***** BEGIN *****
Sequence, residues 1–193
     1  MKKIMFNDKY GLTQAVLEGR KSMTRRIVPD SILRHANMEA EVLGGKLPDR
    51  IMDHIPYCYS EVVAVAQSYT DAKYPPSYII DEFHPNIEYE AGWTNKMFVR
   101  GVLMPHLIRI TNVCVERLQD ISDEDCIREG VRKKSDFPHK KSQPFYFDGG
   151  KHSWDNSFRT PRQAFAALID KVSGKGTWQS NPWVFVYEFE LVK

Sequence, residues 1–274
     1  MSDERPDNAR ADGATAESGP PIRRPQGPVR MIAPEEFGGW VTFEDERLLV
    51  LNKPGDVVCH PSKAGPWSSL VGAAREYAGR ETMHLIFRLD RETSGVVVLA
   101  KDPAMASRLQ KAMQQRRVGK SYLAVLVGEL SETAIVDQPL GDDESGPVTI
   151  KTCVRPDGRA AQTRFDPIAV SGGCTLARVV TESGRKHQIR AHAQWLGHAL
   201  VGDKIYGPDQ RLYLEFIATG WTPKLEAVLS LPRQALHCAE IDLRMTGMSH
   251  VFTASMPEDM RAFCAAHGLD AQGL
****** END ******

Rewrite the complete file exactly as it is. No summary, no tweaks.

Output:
Sequence, residues 1–193
     1  MKKIMFNDKY GLTQAVLEGR KSMTRRIVPD SILRHANMEA EVLGGKLPDR
    51  IMDHIPYCYS EVVAVAQSYT DAKYPPSYII DEFHPNIEYE AGWTNKMFVR
   101  GVLMPHLIRI TNVCVERLQD ISDEDCIREG VRKKSDFPHK KSQPFYFDGG
   151  KHSWDNSFRT PRQAFAALID KVSGKGTWQS NPWVFVYEFE LVK

Sequence, residues 1–274
     1  MSDERPDNAR ADGATAESGP PIRRPQGPVR MIAPEEFGGW VTFEDERLLV
    51  LNKPGDVVCH PSKAGPWSSL VGAAREYAGR ETMHLIFRLD RETSGVVVLA
   101  KDPAMASRLQ KAMQQRRVGK SYLAVLVGEL SETAIVDQPL GDDESGPVTI
   151  KTCVRPDGRA AQTRFDPIAV SGGCTLARVV TESGRKHQIR AHAQWLGHAL
   201  VGDKIYGPDQ RLYLEFIATG WTPKLEAVLS LPRQALHCAE IDLRMTGMSH
   251  VFTASMPEDM RAFCAAHGLD AQGL